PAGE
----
As military families gathered at Dover Air Force Base Wednesday to meet their fallen loved ones, lawmakers less than 100 miles away attempted to stem public outrage over scuttled financial aid to the families.
Updated 2:36 p.m.
President Obama expects to find a way to restore a $100,000 death benefit to the families of fallen soldiers as early as Wednesday.
The president directed the Department of Defense and Office of Management and Budget (OMB) to come up with a solution, White House spokesman Jay Carney said Wednesday.
The $100,000 “death gratuity” delivered to surviving spouses and dependents is designed to tide families over until survivor benefits take effect, and covers immediate costs like flights to meet the caskets and the burial. But the government shutdown halted those payments. Families of 26 service members have not received the benefit since a budget impasse triggered by a Republican protest over President Obama’s health care law shut the government Oct. 1. Each family has had to incur thousands of dollars in expenses in the immediate aftermath.
“For the sacrifice that our kids are making, at the age they’re making them, I don’t understand how this can be a benefit that’s withheld. I won’t ever understand it,” Shannon Collins, the mother of fallen serviceman Marine Lance Cpl. Jeremiah Collins, told NBC News. Her son died Saturday in Afghanistan’s Helmand province.
The families of four other U.S. service members killed in Afghanistan over the weekend gathered at Dover Air Force Base to meet their fallen loved ones Wednesday. They were joined by Secretary of Defense Chuck Hagel, Secretary of the Army John McHugh, and Army Chief of Staff Gen. Ray Odierno.
“The government is hurting the wrong people,” Collins said. “Families shouldn’t have to worry about how they’re going to bury their child,” she said. “Families shouldn’t have to worry about how they’re going to feed their family if they don’t go to work this week.”
After NBC’s Andrea Mitchell broke the story of the missing benefit, a number of lawmakers moved to reinstate the pay. Some members of Congress said they thought the “death gratuity” was included in the Pay Our Military Act passed last week to keep paychecks on schedule for military personnel during the shutdown.
The House voted unanimously to reinstate the benefit to military families on Wednesday afternoon. While the Senate has rejected previous House mini-funding bills during the shutdown, Senate leaders expressed outrage on the denial of payment for any military members or their families. Senate Majority Leader Harry Reid called the benefit delay “shameful and embarrassing” Tuesday, as did Sens. John McCain and Lindsey Graham.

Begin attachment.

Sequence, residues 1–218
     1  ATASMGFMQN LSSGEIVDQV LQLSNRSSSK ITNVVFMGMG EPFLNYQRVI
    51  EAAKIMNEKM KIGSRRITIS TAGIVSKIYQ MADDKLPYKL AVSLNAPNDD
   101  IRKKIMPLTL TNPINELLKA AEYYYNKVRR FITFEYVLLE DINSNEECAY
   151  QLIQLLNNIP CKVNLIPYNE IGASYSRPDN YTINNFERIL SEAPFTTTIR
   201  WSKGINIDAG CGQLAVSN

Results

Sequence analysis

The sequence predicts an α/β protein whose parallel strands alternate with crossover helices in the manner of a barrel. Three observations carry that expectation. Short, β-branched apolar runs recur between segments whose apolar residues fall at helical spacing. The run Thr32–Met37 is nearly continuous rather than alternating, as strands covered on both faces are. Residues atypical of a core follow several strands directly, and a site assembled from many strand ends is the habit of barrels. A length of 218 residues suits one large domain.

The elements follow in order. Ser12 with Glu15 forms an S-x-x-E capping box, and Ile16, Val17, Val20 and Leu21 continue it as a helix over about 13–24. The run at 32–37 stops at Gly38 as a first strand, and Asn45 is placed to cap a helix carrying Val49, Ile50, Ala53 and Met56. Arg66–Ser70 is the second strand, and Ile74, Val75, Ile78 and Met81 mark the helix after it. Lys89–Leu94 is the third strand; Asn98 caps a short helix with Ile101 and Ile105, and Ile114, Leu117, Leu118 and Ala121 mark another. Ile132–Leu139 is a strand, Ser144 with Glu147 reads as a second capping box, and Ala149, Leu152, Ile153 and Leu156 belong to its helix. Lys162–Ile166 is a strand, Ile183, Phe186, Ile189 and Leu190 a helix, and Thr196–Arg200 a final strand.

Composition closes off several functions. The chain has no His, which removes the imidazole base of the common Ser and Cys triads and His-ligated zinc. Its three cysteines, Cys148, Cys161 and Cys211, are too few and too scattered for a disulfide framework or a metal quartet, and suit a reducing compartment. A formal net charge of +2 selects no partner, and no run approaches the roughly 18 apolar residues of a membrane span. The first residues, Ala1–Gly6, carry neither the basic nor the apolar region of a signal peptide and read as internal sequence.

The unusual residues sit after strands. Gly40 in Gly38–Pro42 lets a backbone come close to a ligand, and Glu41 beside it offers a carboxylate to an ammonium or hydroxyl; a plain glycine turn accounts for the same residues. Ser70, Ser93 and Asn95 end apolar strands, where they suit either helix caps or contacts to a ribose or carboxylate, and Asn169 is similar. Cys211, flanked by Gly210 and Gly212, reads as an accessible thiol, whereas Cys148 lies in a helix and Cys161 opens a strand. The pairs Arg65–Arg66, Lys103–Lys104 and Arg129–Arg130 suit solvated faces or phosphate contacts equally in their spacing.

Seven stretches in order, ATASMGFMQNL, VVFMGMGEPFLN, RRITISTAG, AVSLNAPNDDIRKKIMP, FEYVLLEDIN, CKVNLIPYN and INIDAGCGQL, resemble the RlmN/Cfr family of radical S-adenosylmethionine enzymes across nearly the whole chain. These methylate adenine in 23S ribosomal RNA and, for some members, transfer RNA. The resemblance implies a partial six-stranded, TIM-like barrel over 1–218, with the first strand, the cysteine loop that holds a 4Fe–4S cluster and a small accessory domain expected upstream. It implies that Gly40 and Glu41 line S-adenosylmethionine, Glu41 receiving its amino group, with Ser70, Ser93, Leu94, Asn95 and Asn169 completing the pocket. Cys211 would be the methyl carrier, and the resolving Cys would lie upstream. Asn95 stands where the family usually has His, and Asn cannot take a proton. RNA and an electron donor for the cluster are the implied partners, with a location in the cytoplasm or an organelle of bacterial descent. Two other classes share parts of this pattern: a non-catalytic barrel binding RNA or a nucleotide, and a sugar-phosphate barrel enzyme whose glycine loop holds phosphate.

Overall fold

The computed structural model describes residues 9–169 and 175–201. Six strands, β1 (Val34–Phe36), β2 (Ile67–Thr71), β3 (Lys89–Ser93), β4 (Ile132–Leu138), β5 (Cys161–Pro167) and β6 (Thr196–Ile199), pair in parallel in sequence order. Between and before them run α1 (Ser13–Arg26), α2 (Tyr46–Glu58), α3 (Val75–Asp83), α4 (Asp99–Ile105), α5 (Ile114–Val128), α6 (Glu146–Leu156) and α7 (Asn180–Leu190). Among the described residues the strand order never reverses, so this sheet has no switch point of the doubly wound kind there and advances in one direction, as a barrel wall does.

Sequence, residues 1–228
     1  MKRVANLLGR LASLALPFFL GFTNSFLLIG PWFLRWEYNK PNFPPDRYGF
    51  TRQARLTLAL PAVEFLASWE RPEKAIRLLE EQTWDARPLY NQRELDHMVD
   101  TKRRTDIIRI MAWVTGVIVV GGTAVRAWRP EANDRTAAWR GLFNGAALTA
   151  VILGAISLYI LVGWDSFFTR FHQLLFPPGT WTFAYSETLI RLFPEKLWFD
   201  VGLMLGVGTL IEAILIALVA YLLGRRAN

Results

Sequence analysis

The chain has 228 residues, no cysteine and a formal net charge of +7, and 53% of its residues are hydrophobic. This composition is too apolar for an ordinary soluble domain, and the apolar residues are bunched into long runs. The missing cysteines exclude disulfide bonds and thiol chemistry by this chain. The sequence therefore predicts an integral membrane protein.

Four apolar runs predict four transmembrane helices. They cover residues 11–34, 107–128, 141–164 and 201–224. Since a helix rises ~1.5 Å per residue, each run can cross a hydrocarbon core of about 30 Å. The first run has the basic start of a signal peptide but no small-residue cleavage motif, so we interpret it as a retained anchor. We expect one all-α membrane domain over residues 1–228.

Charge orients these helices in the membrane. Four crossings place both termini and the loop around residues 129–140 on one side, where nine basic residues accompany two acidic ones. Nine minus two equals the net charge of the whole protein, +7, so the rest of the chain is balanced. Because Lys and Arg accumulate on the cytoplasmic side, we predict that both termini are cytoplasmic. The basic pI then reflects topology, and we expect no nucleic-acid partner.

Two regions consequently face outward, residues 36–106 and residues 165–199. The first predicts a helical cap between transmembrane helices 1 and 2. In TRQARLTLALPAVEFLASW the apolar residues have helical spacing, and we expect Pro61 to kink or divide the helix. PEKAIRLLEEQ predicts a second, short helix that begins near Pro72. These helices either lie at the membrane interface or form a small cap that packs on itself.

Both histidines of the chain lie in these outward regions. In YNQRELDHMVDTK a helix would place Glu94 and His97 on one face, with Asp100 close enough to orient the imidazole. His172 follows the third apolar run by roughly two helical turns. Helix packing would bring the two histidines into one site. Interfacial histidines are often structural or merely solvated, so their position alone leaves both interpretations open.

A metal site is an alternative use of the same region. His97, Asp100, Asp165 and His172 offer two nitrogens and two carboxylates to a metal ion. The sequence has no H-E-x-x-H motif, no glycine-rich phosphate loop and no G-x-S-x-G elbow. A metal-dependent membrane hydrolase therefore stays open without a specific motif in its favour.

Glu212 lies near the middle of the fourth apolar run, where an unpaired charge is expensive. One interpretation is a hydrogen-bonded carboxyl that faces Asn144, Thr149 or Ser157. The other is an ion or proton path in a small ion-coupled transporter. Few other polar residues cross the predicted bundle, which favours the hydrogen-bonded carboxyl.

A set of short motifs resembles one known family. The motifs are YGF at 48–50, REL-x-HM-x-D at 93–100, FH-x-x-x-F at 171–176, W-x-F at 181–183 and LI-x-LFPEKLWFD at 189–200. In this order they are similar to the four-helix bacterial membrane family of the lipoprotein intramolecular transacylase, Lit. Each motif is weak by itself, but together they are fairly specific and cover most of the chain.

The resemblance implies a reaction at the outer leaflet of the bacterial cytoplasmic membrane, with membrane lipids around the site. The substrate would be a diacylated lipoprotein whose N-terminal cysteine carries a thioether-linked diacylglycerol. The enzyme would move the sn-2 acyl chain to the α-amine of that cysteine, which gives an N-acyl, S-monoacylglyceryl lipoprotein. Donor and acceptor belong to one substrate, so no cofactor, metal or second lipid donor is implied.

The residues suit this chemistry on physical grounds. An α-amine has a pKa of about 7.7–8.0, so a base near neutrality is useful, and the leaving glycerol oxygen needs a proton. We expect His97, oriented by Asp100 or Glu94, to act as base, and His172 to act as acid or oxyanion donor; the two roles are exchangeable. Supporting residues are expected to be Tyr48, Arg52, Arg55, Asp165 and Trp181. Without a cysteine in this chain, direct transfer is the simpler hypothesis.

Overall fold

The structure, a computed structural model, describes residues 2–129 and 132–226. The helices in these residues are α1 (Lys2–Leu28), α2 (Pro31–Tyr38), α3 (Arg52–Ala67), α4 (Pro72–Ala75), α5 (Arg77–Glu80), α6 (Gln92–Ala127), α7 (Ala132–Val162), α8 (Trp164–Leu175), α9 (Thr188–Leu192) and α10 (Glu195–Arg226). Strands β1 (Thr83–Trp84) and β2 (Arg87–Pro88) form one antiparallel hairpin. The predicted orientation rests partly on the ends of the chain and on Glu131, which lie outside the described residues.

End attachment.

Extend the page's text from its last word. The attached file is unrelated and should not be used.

In the meantime, private charities including Maryland’s Fisher House Charity, have vowed to fill the gap by covering the benefit amount until the government is able to offer reimbursement.
“This was one of those decisions that I wish I had every day, which is the no-brainer kind,” Fisher told Andrea Mitchell on MSNBC Wednesday. He said he received a phone call from Democrat Sen. Joe Manchin of Virginia who asked “if Fisher House would step up and actually fill this gap.”
“It’s a privilege to be able to do it,” Fisher said. “I just hope that somebody wakes up down there and decides that enough is enough and people are suffering because of this, especially the one percent of this nation that raises their hand and goes and serves to defend us.”
The Secretary of the Department of Veterans Affairs, Eric Shinseki, testified before a House hearing Wednesday, on the shutdown’s impact on veterans, including a delay in the processing of already backlogged disability and pensions claims for veterans.
“The shutdown directly threatens the VA’s ability to eliminate the backlog,” he said. “We have lost ground we fought hard to take. Roughly 1,400 veterans a day are not receiving decisions on their disability claims due to the end of overtime.”
“If the shutdown doesn’t end in the coming weeks, [the Department of Veterans’ Affairs] will not be able to assure delivery of Nov. 1 checks to 5.18 million beneficiaries” totaling $6.25 billion dollars in payments, Shinseki said.
He said he would be forced to furlough all but 1,000 workers if the shutdown stayed in place. About one-third of workers in the Department of Veterans Affairs are veterans.
“If they’re furloughed and they’re also recipients of disability checks, their resources go to zero,” Shinseki said. “And then I have the responsibility of trying to keep them from becoming homeless.”
Around 800,000 federal workers have been furloughed since October 1.